As previously mentioned, we are working to update the core XMPP specifications by incorporating feedback based on the significant implementation and deployment experience with XMPP technologies we have gained since RFC 3920 and RFC 3921 were published in October, 2004. To date we have expected the revised versions to advance XMPP to a status of Draft Standard within the Internet Standards Process managed by the IETF.
However, it seems that we overlooked some of the rules from RFC 2026, specifically that "standards track specifications normally must not depend on other standards track specifications which are at a lower maturity level".
What this means is that the XMPP specifications will not be able to advance to Draft until the specs defining IETF technologies on which XMPP depends also advance to Draft (i.e., until there are no more downward references or "downrefs").
Unfortunately, the XMPP specs have many downrefs, including the following:
- RFC 2743: Generic Security Service Application Program Interface Version 2, Update 1
- RFC 2782: A DNS RR for specifying the location of services (DNS SRV)
- RFC 2831: Using Digest Authentication as a SASL Mechanism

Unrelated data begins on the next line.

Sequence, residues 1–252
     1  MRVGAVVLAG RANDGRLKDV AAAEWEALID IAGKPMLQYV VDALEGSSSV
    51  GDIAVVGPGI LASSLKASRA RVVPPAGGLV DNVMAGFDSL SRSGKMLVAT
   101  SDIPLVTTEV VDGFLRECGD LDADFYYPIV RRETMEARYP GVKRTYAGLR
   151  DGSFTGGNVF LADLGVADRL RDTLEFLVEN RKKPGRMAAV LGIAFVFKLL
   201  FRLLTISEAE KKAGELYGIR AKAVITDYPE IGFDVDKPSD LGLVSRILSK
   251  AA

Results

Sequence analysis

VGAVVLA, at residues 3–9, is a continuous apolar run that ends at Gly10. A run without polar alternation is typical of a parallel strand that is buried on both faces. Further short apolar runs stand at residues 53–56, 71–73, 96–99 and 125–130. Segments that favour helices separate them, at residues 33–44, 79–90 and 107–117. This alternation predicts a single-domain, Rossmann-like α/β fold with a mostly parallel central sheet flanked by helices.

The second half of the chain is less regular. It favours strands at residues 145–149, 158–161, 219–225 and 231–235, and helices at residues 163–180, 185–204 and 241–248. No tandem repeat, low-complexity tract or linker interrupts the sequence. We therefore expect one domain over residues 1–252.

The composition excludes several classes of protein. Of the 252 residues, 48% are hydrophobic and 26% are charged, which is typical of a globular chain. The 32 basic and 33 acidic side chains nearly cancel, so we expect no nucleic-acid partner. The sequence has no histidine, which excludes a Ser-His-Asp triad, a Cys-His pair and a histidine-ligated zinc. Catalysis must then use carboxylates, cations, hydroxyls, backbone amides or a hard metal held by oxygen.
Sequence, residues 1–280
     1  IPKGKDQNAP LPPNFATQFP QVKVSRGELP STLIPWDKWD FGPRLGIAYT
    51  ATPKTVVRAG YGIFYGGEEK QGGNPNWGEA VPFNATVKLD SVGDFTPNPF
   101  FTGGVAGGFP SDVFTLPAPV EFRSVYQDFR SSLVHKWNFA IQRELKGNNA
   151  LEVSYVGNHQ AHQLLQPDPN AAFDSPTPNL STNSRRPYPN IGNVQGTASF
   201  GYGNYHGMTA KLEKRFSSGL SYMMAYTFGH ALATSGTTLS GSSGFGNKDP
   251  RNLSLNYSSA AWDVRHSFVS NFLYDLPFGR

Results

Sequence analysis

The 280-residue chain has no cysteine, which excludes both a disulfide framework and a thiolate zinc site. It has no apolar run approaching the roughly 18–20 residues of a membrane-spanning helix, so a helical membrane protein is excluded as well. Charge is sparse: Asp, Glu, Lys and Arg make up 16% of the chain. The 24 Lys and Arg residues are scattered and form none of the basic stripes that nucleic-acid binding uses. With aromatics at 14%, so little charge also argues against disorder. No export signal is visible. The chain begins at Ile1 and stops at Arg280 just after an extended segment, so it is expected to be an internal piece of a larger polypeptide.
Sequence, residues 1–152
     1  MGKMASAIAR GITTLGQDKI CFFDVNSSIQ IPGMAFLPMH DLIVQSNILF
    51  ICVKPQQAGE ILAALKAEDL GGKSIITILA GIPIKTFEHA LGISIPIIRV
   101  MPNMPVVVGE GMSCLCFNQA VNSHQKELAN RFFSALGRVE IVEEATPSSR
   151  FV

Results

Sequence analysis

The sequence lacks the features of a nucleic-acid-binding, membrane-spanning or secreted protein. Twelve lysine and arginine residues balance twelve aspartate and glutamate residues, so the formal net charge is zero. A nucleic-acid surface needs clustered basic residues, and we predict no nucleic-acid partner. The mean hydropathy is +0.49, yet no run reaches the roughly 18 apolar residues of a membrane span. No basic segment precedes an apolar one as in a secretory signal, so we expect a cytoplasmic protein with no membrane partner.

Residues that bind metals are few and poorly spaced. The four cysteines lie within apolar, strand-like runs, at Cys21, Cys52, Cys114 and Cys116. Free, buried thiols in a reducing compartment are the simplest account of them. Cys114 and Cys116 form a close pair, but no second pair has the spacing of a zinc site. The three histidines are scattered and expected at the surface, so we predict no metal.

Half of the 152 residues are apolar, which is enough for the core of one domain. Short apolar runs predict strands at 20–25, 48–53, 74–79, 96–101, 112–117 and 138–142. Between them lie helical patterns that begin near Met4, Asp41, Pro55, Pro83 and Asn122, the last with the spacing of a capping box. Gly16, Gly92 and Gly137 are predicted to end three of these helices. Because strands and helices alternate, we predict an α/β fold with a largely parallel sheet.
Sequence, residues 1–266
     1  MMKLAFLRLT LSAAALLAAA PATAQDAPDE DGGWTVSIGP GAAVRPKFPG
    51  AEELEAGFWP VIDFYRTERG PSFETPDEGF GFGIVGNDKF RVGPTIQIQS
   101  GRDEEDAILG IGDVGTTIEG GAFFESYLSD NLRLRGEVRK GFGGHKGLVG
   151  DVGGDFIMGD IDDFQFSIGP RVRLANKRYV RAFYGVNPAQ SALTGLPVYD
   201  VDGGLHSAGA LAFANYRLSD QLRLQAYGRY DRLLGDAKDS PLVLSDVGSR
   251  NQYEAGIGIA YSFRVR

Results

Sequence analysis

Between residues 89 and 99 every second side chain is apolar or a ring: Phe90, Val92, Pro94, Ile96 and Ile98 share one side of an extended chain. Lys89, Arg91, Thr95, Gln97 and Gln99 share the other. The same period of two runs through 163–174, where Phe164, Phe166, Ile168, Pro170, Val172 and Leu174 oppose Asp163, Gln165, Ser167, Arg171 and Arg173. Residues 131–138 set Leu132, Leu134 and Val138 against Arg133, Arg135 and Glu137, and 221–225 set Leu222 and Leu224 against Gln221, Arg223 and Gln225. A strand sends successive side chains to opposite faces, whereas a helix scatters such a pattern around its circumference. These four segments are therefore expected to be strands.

- RFC 3280: Internet X.509 Public Key Infrastructure Certificate and Certificate Revocation List (CRL) Profile
- RFC 3454: Preparation of Internationalized Strings ("stringprep")
- RFC 3490: Internationalizing Domain Names in Applications (IDNA)
- RFC 3491: Nameprep: A Stringprep Profile for Internationalized Domain Names (IDN)
- RFC 4122: A Universally Unique IDentifier (UUID) URN Namespace
- RFC 4346: The Transport Layer Security (TLS) Protocol Version 1.1
- RFC 4422: Simple Authentication and Security Layer (SASL)
- RFC 4648: The Base16, Base32, and Base64 Data Encodings
Given the serious number of significant downrefs, I think it's unrealistic for us to expect advancement of XMPP to Draft Standard anytime soon. It appears that the best we can do is update the XMPP specs as we have been doing, resulting in revised specifications that reflect our community's implementation and deployment experience but that are still at the Proposed Standard level.
And speaking of updated specs, expect revised versions of rfc3920bis and rfc3920bis soon.
UPDATE: As Joe Hildebrand mentions (see also my reply), things are probably not quite so dire. Check for further updates as we work with folks at the IETF on this topic...